More appointments by the federal attorney-general

Fri Sep 28 2007

Attorney-General Philip Ruddock�has announced�more appointments to organisations within his portfolio, including the Administrative Appeals Tribunal, the Australian Law Reform Commission, the National Native Title Tribunal�and the Family Law Council.

Steve Karas AO has been appointed as a part-time senior member of the Administrative Appeals Tribunal. View the media release>

The Hon Justice Berna Collier has been appointed as a part-time member of the Australian Law Reform Commission (ALRC). View the media release>

Daniel O'Dea has been reappointed as a member of the National Native Title Tribunal. View the media release>

Family Law Council appointments

Professor John Wade has been appointed as the new chairperson of the Family Law Council. Professor Wade teaches law at Bond University. He was previously a member of the Family Law Council from 1988 to 1990.� His term as chairperson is for three years from the date of appointment.

Mr Ruddock also announced the re-appointment of Justice Garry Watts, Ms Nicola Davies and Mr Clive Price to the Council for a further term of three years.

View the media release>

28 September 2007

A series of Bar Council events

Fri Sep 28 2007

This circular serves as a preliminary notice for the forthcoming election of the 2008 Bar Council.�The election timetable includes dates for�opening and closing of nominations, as well as the annual general meeting. View the preliminary notice>

28 September 2007

Call for greater access to the Bar of England and Wales

Thu Sep 27 2007

The chairman of the Bar Council of England and Wales, Geoffrey Vos QC, has called for greater access to the Bar and has encouraged politicians to continue to recognise the importance of social mobility. An inquiry into entry to the Bar is being conducted by Lord Neuberger, with the working party expected to deliver its report at the end of this year. View the media release>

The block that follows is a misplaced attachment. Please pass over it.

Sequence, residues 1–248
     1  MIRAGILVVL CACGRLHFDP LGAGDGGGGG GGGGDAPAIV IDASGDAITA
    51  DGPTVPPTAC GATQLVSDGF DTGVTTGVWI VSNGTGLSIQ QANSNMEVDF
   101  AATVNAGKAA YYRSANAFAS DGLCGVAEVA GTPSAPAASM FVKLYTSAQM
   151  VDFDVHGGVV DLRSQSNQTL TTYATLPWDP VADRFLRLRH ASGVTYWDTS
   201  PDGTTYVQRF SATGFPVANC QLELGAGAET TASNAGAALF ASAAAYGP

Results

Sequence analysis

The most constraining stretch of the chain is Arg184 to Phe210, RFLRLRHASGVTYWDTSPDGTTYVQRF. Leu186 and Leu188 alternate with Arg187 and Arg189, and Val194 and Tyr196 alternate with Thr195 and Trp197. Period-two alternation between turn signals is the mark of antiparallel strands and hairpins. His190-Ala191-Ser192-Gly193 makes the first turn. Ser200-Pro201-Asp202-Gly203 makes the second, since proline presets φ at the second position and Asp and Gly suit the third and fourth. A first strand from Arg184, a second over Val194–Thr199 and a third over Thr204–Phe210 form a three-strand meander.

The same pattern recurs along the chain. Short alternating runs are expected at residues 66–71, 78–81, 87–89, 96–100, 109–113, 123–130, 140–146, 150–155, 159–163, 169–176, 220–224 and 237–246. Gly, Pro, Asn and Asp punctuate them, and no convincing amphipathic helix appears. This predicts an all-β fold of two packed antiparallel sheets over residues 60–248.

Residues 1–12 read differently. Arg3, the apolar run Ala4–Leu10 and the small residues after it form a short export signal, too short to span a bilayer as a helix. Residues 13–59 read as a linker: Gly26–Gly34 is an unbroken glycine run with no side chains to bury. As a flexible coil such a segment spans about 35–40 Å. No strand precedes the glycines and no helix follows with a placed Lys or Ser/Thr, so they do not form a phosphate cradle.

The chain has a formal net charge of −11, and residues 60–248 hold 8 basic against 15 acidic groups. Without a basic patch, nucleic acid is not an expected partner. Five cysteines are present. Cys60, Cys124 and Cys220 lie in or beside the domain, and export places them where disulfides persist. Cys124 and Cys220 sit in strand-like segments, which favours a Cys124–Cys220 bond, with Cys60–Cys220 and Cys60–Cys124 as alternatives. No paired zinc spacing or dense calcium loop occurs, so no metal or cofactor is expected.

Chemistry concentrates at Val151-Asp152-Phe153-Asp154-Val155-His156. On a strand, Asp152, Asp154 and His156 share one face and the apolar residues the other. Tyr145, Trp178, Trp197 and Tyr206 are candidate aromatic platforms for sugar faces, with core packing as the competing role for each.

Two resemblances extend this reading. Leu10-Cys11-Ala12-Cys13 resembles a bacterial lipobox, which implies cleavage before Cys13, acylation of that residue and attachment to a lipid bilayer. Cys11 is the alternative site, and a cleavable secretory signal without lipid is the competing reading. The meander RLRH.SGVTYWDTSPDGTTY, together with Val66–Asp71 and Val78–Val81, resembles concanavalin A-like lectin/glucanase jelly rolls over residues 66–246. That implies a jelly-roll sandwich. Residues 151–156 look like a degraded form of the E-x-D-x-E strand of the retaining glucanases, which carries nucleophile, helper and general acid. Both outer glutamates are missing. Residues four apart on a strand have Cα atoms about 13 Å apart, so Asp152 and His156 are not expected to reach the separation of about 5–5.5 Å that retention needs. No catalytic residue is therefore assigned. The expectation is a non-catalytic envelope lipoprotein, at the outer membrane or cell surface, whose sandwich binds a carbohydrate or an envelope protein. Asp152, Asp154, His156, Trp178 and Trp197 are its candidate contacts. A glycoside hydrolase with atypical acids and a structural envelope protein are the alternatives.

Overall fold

27 September 2007

Media briefing: Barristers' Rules and cross examination in sexual assault trials

Thu Sep 27 2007

President Michael Slattery QC�appeared on�three radio programmes yesterday,�in response�to the NSW Government’s request to change the Barristers' Rules regarding sexual assault trials. These�included ABC 702 Breakfast�at�07:11am and�2UE Breakfast�at 07:20am.�

The following is an extract from an interview with Sandi Aloisi on ABC Newsradio.

MICHAEL SLATTERY: All members of the Bar Association are immensely sympathetic to the ordeal that many victims of rape have to go through in giving their evidence.� It's a very difficult thing to do.�On the other hand there's�a fundamental problem: the court system�[has] to sort out those who are genuine victims from those who are not.

It's done by a process of testing evidence�and the reality is that sometimes it can be very difficult. Barristers try to do it responsibly, but it is a process where, if they have instructions to say that these events did not happen, the jury is the one�which has to decide upon a contest of evidence.�

SANDI ALOISI:�Yes, would it be right to say though that some barristers have been guilty of intimidating rape victims in the court room?

MICHAEL SLATTERY:�Well, can I put it this way?� We have a very open complaint system, and the legal services commissioner also supervises the Bar Association through an open complaint system authorised under the Legal Profession Act.� And there are very, very few complaints. The direct hard evidence of�complaints against the Bar is very, very low, actually.

But, that being said, we're still happy to look at this because all improvement is good.� But you've got to understand that the contest has to take place.� Many of the sexual assault trials, for example, involve children, or people who were children when the assaults are alleged to have occurred.�They may have taken place 20 or more years ago.�Sometimes sexual assault allegations are made in the course of a family breakup or separation.�There are all sorts of motivational issues that arise there.

The court system and juries and judges have got to sort that out.� And they can only do it�[by] testing of the evidence.� It's got to be done sensitively.�

A�few of the proposals that are being put up have got practical problems attached to them.� They're very hard to implement, and that's our concern.� We're having a talk with the attorney, but let me give you an example.

One of the suggestions is that counsel should refuse instructions if that would involve harassment of the witness.� Now, pure harassment is currently improper and judges should rule it out now, and no responsible barrister would engage in it.� But sometimes, if the instructions are that events didn't take place the way the alleged victim says they did, then, that's got to be tested, and that can be distressing.�Frankly, if the person is lying it's a humiliating process to be exposed as a liar.

Someone has to sort out the genuine cases from the ones that aren't.� And the reality is not every allegation is true.